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Problematizing Canadian Human Trafficking Policy


Problematizing Canadian Human Trafficking Policy

Simunic, Emily (2021) Problematizing Canadian Human Trafficking Policy. Masters thesis, Concordia University.

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This thesis seeks to determine how human trafficking is problematized in Canadian policy and what subsequent effects are produced by this problem representation in the lived experience of political subjects in Canada. Using Carol Bacchi’s “What’s the problem represented to be?” poststructural analytic strategy to Canadian policy texts, I demonstrate that human trafficking is represented as a “criminality problem” in Canadian policy texts. The criminality problematization represents the “problem” of human trafficking to be crime requiring state intervention in the form of enforcement and punishment through fees and incarceration. The criminality problematization is predominantly interested in women as potential victims of sex trafficking, and emphasizes strategies to safeguard women from predominantly male violence. Chapters three and four perform Foucauldian archaeology and genealogy, troubling the assumptions which undergird the problematization and revealing the impact of white slavery as a discursive precedent to human trafficking. Chapter five identifies the discursive, subjectification and lived effects of the problematization, revealing that the criminality problematization has served only to reinforce preexisting inequalities, oppressions, and vulnerabilities that create the conditions that lead to human trafficking in the first place. I conclude that the criminality problematization of human trafficking cannot yield socially just policy, and I suggest the “inequality problematization,” as an alternative problem representation that considers human trafficking to be a “problem” rooted in, and exacerbated by, inequality.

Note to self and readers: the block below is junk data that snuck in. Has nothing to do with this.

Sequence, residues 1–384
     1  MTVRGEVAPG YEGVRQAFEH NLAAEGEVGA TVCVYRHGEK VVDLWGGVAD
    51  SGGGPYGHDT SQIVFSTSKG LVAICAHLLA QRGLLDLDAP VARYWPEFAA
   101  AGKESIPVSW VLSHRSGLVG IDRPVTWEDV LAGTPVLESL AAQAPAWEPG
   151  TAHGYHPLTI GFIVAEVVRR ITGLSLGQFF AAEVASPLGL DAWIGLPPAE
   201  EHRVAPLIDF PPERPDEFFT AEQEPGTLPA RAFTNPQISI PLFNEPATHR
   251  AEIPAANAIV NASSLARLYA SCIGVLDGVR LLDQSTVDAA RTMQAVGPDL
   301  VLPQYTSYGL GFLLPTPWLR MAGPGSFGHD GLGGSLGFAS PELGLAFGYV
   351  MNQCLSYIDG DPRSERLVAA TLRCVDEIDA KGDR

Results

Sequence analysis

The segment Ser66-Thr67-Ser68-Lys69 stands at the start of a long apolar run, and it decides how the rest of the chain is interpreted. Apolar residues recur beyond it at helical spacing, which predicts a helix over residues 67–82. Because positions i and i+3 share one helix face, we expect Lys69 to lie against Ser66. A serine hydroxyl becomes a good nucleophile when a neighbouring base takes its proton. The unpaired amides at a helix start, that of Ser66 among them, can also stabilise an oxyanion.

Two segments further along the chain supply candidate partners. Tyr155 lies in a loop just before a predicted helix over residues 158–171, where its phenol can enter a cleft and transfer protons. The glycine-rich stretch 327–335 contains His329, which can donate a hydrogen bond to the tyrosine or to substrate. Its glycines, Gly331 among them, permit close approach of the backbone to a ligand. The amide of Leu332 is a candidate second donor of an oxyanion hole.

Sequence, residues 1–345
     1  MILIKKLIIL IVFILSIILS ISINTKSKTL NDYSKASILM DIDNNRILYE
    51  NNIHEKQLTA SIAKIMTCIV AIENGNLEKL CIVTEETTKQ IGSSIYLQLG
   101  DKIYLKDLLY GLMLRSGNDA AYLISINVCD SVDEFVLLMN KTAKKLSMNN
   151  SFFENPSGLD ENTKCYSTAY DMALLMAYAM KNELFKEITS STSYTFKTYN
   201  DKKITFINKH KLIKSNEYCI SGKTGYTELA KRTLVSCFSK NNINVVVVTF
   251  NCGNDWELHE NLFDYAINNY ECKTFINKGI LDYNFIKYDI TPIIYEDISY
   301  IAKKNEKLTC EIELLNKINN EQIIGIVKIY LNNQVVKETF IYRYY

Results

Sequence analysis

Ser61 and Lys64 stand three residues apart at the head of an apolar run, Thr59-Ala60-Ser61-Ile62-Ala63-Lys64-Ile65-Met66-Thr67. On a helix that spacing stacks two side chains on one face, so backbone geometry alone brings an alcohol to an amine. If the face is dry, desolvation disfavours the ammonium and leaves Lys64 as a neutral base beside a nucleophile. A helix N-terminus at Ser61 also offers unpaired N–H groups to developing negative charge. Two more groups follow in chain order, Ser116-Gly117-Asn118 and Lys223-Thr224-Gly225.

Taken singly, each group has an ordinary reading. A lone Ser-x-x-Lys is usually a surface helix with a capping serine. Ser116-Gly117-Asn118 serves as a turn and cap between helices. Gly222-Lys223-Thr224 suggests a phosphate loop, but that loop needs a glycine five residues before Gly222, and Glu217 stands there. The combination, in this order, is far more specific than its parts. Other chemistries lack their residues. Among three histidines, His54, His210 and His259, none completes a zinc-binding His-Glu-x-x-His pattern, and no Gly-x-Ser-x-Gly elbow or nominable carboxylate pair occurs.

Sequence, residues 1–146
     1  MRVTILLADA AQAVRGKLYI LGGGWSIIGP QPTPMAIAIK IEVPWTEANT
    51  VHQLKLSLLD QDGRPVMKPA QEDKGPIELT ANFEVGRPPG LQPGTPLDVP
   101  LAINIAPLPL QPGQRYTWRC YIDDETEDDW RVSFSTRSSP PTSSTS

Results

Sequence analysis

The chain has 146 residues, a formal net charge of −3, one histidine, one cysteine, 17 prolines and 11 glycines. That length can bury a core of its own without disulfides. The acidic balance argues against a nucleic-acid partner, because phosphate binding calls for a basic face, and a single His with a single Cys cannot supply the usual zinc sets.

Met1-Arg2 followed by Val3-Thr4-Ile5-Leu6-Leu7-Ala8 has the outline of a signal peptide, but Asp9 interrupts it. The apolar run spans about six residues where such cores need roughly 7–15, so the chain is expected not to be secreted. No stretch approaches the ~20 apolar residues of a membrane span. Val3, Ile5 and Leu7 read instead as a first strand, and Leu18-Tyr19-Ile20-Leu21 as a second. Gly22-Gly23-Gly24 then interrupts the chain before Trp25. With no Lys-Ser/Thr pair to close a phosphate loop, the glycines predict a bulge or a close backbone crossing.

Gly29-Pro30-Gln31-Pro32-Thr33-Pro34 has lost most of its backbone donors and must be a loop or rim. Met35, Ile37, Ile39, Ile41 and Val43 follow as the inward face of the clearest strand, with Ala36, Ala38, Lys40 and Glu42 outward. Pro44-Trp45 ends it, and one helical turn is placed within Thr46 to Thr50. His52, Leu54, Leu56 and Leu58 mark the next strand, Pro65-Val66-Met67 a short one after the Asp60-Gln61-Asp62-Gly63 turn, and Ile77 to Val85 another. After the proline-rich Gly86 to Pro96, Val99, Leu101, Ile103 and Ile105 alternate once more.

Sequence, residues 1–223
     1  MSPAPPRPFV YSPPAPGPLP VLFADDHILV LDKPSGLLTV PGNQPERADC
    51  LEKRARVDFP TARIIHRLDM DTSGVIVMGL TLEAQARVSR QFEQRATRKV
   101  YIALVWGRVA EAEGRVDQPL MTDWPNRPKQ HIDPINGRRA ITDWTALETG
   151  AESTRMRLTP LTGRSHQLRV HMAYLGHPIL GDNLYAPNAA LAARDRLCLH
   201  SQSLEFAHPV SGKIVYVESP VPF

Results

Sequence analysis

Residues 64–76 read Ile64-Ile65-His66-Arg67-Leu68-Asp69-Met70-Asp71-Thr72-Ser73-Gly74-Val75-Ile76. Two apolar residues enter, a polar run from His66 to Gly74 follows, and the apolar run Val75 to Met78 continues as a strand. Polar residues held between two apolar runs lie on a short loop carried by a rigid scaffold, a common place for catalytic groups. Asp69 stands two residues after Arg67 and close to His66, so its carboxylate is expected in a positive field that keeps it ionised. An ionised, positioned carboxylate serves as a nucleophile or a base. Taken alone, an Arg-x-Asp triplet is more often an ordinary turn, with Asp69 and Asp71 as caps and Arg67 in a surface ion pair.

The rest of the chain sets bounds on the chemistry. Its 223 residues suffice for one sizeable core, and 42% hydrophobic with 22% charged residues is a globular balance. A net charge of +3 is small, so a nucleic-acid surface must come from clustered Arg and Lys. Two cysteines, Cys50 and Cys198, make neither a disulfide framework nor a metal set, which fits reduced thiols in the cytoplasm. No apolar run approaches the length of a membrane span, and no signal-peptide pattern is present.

Divisions:Concordia University > Faculty of Arts and Science > Political Science
Item Type:Thesis (Masters)
Authors:Simunic, Emily
Institution:Concordia University
Degree Name:M.A.
Program:Public Policy and Public Administration
Date:6 July 2021
Thesis Supervisor(s):Paterson, Stephanie
ID Code:988525
Deposited On:29 Nov 2021 16:46
Last Modified:29 Nov 2021 16:46
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